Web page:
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I have started reading "Think Like A Programmer" by V Anton Spraul. Here is the question.

The train technique mentioned in the book works fine for the example sighted in it. I was attempting to write the train approach method to solve the sliding tiles problem.

Assuming that I am working on subset of the complete problem, for the below set of tiles (as given as example in the book), the approach mentioned works fine.

6 8 .

5 4 7

We move anti-clock wise until we get 4,5,6 in order in top row and then slide 8 over empty space to get all in order.

But for the below, I could not find any suitable method

. 8 6

7 4 5

Is it possible that there can be permutations where the puzzle is unsolvable?



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up vote 3 down vote accepted

Yes, in fact some puzzles are unsolvable. The way to find out is to try to solve two puzzles at a time: one being the original puzzle, and one being the original puzzle with two tiles switched. When you solve one puzzle, you know that the other one cannot be solved.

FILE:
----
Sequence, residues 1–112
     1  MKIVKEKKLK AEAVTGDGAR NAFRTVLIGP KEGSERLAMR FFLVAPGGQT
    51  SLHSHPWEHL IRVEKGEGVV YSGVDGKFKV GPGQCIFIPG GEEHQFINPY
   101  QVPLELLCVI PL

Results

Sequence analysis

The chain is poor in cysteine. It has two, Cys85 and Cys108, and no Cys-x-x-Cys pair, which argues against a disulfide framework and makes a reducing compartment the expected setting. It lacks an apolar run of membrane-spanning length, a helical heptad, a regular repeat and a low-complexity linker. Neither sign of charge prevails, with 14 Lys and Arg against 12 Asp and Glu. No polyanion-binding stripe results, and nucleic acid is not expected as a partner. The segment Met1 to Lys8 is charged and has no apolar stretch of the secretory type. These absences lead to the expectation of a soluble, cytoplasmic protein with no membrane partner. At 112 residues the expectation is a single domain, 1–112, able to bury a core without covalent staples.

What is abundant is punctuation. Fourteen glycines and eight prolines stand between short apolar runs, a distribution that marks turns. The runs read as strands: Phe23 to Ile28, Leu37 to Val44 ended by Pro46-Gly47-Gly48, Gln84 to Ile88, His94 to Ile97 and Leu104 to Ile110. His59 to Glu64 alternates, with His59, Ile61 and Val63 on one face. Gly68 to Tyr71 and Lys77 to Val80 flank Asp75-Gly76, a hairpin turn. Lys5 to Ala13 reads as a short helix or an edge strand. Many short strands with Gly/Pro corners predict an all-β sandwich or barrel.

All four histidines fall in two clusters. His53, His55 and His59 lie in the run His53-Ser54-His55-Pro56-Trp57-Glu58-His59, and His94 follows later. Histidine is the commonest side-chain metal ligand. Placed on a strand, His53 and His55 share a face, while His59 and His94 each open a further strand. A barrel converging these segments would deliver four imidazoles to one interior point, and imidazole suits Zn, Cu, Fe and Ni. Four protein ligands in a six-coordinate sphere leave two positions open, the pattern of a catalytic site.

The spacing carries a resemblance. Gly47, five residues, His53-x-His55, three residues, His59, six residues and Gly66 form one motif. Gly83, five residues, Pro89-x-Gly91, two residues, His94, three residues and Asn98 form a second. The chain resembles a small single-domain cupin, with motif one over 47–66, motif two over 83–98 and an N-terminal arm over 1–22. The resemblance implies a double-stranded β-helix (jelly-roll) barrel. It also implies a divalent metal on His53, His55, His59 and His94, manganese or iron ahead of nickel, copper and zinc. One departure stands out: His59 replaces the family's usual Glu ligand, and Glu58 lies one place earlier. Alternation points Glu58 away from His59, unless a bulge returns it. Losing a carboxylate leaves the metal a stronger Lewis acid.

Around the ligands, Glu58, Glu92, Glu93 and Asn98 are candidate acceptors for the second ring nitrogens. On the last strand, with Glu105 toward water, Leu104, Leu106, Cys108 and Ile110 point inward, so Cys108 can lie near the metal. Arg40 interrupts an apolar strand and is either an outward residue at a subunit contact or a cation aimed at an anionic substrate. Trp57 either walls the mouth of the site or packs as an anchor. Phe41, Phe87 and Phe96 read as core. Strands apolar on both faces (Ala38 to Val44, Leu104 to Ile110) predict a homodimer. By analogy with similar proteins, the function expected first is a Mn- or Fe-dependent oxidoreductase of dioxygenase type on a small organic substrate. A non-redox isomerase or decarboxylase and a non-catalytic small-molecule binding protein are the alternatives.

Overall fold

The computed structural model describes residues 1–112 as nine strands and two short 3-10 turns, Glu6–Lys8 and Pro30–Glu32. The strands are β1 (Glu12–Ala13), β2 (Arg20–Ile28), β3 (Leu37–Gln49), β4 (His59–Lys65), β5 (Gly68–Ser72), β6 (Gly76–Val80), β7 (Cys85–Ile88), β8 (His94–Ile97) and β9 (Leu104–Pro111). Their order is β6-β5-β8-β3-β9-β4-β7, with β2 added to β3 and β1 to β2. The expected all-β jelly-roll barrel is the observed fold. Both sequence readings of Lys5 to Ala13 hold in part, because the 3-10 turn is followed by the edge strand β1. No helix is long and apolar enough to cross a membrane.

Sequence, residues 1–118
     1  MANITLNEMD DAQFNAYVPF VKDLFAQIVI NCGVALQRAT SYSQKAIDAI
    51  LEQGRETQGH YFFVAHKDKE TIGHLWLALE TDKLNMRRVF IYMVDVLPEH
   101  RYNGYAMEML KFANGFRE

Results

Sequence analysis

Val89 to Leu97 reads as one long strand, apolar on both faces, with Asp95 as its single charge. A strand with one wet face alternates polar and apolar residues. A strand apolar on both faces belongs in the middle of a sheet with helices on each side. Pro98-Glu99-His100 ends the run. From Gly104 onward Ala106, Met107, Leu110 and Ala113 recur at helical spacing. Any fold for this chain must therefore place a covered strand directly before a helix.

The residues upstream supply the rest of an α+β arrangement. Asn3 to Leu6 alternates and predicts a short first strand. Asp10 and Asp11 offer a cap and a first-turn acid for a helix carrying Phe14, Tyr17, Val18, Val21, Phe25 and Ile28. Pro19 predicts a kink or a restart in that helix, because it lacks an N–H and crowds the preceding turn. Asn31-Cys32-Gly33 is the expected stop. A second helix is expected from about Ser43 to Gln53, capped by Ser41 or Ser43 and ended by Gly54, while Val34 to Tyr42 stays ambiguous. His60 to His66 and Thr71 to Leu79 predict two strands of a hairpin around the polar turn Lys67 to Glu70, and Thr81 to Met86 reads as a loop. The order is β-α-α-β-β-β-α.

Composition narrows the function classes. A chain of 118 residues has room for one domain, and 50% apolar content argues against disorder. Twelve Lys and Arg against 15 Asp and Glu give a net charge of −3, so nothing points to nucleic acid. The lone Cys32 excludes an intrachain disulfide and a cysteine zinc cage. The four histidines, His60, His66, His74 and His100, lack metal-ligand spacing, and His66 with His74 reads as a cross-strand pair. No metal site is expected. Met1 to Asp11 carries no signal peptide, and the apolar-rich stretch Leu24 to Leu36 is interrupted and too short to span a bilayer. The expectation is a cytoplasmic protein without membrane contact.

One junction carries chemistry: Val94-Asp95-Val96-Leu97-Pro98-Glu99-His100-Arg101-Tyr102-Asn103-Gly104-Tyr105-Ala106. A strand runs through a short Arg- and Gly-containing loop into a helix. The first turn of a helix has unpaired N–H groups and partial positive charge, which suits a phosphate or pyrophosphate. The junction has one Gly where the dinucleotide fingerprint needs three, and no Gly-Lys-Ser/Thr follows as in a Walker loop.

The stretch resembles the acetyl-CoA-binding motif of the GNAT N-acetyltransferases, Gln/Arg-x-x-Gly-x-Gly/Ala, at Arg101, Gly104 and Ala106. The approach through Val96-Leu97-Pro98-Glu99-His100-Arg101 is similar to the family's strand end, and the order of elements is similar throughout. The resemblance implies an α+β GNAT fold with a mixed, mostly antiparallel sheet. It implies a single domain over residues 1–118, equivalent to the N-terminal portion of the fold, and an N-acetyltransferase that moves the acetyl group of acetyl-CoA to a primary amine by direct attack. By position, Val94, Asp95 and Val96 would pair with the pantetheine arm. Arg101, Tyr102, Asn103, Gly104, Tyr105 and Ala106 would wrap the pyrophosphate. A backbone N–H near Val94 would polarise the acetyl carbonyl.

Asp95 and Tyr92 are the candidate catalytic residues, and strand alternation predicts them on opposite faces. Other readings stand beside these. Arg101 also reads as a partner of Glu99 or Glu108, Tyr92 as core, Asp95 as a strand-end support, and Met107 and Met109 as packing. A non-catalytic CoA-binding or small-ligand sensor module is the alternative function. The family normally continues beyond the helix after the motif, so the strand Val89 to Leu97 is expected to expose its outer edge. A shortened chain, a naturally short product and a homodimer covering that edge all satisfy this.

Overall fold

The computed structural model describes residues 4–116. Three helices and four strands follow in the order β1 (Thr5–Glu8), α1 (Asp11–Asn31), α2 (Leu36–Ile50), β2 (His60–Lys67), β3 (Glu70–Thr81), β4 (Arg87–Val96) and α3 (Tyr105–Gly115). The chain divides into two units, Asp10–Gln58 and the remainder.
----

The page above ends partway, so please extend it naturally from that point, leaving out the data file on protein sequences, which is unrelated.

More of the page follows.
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It is possible to answer the question "can the permutation that solves the puzzle be produced by combining the permutations corresponding to elementary moves of the puzzle?" in polynomial time. Unfortunately, the more group theory you know the faster you can solve it, so most of the references are incomprehensible (at least to me). Knuth has a paper at arxiv.org/pdf/math.GR/9201304.pdf that is merely so densely written that it takes some time to notice that it solves this problem at all - the clue is the phrase "There is an easy way to test if a given perm..." – mcdowella Mar 31 '13 at 20:15
@mcdowella: Nice, thanks for that! – angelatlarge Mar 31 '13 at 20:16
@angelatlarge : Thank you for the answer. – MS. Apr 1 '13 at 5:04
@MS. Cool! Check that Knuth paper.. if you dare for a possibly better solution. – angelatlarge Apr 1 '13 at 5:06

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